The Golf R edges out a little over the competition here. Like the Golf GTI it hides the fact it has a relatively small amount of power (for this class) because it can transmit all its power to the road without spinning its wheels constantly. Keeping up with the AMG would be a tall order, but despite the firm ride at least you’d reach your destination with all your vertebrae in tact.
Rear-wheel drive may be the classic driver’s configuration, but the M135i is the least capable here. That’s not exactly a damning verdict, because it is still extremely good, but the Golf and A45 are better. Where it excels though is on the cruise. By far the best riding of the three, this would be the car of choice for a long motorway schlep – and the six-cylinder engine doesn’t need to be revved as hard as the others to get similar pace.
Value for money
What the Mercedes offers comes at a price – and it’s a significant price. You’ll have to part with £38,195 to join the AMG set and while this is almost all-inclusive and doesn’t need many options adding, it’s a lot of money.
Volkswagen fulfils its ‘car of the people’ tag by being the cheapest car here – £29,900 for a three-door manual version, or another £655 for back doors and another £1,425 for the DSG automatic gearbox. But corners have been cut; we’ve already mentioned the lack of leather (a £1,720 option) but there’s also no sat-nav (add £750).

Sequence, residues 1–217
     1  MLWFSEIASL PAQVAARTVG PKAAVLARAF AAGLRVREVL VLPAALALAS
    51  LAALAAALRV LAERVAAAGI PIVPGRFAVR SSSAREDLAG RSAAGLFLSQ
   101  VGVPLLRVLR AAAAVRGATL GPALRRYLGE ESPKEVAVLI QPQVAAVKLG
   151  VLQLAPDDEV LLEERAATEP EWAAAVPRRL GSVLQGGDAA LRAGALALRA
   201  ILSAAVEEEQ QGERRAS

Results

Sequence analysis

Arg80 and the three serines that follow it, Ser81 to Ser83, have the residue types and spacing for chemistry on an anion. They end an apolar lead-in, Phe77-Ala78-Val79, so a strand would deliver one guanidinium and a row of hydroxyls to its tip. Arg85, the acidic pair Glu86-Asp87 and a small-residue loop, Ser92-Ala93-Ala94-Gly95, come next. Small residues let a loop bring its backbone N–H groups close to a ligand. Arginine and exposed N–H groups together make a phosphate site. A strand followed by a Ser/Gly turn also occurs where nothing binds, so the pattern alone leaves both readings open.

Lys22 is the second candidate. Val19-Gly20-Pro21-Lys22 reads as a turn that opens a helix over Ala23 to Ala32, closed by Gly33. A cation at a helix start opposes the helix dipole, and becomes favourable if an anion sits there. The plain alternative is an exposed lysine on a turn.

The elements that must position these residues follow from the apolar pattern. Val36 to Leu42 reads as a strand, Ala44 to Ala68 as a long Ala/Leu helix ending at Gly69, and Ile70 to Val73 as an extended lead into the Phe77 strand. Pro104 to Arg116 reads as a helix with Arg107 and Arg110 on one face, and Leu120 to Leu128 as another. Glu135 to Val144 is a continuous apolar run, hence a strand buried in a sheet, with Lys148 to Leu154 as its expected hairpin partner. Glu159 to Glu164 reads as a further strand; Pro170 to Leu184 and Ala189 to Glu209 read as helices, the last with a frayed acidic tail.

And that makes the BMW M135i effectively the cheapest car here. At £31,375 (£1,495 more for the auto) there’s nothing really missing that you’d expect to be included on a thirty grand car.
There’s almost no winner here, or to be more accurate, no losers. A glance at carwow’s aggregated wowscores is no help because the Golf R and M135i both score in the nines and, though there’s no current rating for the A45 AMG, reviewers can’t determine whether the Mercedes is better than the BMW or not.
If you want a car with a sense of fun, it has to be the AMG. Its competitors are dull to look at, a little dull to be in and not as fast, but it offers the least amount of space and may well shake you to death.
The BMW makes the best cruiser, has more space and is the best value for money, but it’s the least capable road machine and is the least frugal for all its long distance abilities.
In typical Volkswagen style, the Golf doesn’t hit any of the outright heights of either competitor, but nor does it hit the lows. It’s the best compromise and is the outright cheapest, but it needs some options ticking to make it complete.
Ultimately though, you don’t pick a hot hatch because it makes sense. You buy one because it’s fun and the only car we’d feel a pang of regret for not buying if it pulled up alongside at the lights is the potty Mercedes A45 AMG.